Image/ Metro Creative Connection

Image/ Metro Creative Connection

Albertans urged to take precautions when driving ATVs

Alberta Health Services (AHS) is urging Albertans to make ATV safety a priority this summer.

Alberta Health Services (AHS) is urging Albertans to make all-terrain vehicle (ATV) safety a priority this long weekend and throughout the summer.

AHS says that the Alberta health care system and especially intensive care units are under stress due to COVID-19, and ATV accidents resulting in hospitalization will only amplify that stress.

Between 2002 and 2019 there have been an average of 4,840 ATV-related emergency department visits and 581 ATV-related hospital admissions each year in Alberta.

ATVs pose significant risk in particular to children under 16 years of age who likely don’t have the strength, skills or judgment needed to operate an ATV.

AHS says that over the past 12 months, nearly 120 children were seen in Alberta’s two pediatric emergency departments due to ATV-related injuries. 51 one of those children required hospital admission.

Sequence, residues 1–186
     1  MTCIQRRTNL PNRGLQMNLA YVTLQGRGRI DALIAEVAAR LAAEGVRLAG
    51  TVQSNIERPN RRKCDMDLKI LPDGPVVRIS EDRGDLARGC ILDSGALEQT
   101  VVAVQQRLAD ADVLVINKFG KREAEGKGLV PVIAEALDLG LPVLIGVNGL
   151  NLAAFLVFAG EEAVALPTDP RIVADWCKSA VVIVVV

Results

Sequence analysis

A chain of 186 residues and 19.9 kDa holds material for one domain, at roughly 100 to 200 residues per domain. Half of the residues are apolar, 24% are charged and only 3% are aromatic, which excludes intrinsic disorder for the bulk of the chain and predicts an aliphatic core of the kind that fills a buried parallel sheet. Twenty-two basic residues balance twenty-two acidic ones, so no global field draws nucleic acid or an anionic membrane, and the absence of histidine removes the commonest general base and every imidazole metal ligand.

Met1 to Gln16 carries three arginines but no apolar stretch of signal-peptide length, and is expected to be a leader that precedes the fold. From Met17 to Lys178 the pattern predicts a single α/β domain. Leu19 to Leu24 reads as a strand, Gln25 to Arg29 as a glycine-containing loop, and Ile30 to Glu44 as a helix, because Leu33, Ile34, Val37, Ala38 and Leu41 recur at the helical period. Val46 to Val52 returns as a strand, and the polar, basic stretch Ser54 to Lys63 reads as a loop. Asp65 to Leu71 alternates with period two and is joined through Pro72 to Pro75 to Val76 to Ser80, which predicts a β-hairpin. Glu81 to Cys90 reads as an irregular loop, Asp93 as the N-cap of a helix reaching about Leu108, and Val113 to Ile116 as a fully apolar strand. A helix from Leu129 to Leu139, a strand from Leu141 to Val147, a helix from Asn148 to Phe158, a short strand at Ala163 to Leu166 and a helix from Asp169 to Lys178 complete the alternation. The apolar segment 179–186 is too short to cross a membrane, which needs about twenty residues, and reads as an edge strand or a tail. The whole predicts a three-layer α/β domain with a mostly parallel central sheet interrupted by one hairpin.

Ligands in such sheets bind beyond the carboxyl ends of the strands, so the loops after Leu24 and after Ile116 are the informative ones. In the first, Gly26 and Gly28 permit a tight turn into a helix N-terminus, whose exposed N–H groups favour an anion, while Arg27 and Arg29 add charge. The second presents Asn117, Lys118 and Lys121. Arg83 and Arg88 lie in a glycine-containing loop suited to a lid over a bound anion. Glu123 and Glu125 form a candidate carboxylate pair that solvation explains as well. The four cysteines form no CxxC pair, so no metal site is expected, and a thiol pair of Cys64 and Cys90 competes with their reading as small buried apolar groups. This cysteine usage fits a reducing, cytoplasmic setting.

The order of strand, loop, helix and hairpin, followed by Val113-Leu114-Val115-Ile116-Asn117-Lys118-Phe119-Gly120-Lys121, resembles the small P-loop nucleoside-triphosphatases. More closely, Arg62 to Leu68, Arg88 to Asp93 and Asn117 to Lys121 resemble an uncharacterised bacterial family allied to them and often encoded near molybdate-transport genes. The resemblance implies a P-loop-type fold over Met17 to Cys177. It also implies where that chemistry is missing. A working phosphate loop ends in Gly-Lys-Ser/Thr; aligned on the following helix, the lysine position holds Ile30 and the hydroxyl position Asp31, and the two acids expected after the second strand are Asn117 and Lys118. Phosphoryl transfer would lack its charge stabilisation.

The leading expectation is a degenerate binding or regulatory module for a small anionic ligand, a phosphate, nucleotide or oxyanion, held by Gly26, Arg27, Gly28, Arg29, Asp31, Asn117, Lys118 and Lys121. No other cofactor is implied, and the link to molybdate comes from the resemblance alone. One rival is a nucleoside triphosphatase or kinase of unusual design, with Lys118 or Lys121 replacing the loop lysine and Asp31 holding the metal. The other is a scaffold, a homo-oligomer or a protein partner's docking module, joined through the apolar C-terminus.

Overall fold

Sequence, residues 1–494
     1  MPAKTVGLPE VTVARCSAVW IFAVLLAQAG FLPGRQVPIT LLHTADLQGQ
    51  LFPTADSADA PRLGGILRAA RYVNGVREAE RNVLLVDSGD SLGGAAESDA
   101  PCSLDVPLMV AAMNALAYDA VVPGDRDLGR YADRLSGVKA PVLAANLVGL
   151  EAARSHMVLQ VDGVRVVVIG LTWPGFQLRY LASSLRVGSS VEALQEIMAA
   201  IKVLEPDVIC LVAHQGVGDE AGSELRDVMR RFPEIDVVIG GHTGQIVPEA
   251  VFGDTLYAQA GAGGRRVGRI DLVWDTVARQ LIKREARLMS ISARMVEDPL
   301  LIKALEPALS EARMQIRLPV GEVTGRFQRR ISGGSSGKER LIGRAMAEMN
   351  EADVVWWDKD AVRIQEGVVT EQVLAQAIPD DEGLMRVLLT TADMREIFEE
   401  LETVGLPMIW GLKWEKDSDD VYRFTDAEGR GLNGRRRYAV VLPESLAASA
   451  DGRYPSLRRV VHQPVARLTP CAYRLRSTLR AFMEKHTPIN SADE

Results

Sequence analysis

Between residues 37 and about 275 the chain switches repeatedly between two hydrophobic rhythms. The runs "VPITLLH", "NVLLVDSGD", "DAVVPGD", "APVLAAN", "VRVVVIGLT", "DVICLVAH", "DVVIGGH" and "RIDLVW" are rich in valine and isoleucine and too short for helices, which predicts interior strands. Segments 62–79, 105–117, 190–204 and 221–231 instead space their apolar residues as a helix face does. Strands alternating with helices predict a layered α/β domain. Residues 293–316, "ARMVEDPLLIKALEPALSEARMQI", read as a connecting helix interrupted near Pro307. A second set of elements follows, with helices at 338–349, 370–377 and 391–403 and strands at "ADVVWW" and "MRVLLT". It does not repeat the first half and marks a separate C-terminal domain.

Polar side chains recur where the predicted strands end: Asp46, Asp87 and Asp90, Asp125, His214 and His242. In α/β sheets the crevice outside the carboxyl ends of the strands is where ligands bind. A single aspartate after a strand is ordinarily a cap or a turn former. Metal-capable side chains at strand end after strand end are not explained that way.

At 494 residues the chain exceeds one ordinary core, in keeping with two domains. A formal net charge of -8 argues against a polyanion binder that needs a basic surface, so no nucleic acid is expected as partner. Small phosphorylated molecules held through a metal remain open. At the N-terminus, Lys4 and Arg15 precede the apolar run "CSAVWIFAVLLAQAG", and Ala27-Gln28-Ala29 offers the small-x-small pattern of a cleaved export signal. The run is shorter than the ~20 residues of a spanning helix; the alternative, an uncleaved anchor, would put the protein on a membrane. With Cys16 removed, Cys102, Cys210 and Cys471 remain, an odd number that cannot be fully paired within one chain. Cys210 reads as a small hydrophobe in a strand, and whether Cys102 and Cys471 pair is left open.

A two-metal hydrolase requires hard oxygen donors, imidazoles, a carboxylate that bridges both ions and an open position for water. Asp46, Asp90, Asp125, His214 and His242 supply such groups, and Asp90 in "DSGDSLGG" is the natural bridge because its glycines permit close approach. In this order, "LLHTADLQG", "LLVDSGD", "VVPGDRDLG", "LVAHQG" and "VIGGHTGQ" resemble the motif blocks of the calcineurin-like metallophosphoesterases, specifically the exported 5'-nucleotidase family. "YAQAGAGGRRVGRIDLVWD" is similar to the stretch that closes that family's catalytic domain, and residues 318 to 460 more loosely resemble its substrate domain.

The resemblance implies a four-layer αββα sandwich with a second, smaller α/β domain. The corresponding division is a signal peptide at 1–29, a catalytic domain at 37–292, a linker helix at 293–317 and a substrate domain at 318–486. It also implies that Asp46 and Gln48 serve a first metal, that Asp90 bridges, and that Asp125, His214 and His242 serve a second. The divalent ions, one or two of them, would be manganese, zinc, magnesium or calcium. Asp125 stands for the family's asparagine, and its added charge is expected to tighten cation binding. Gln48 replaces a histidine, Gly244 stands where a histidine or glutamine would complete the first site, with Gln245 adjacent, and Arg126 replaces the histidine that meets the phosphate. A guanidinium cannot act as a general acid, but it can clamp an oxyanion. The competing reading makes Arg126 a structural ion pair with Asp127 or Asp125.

Some safety precautions recommended by AHS include:

Only ride over the age of 16

Parents and caregivers are advised to ensure children under the age of 16 do not drive or ride on an ATV, this includes ATVs marketed as child-sized.

Get trained

Before you hit the trails, get formal training from a recognized/trained ATV instructor. Don’t be shy about refreshing your training seasonally. Training can also include familiarizing yourself with the locations and trails.

Wear the gear

Always wear a helmet. CSA-compliant helmets must be worn by ATV users when riding on public land but a helmet worn every ride can save your life. From 2002 to 2019, two of five ATV-rider deaths in Alberta were caused by head injuries.

In 58 per cent of these head-injury deaths, the ATV riders were not wearing a helmet. In addition to a helmet, always wear a jacket, long pants, goggles, boots and gloves.

Look first

Be sure you’re aware of the weather forecast, fire outlook/potential, and any hazards (geographical, animal or human) or risks that the trail(s) could pose. Ensure your ATV is equipped with an appropriate head-lamp.

Buckle up

Be sure you’re fastened in properly and all gear and equipment (including your ATV restraints) are in proper working condition before you hit the trails.

Drive sober

Don’t use alcohol, cannabis or other drugs before or while operating an ATV; three out of every five people who died in ATV crashes between 2002 and 2019 tested positive for alcohol.

Seek help

Before you head out on the trail, let others know where you’re going and when they should expect you back. This helps your loved ones know when to call for help if you’ve been gone too long. Take a cellphone or working radio with you, as well as a first-aid kit.

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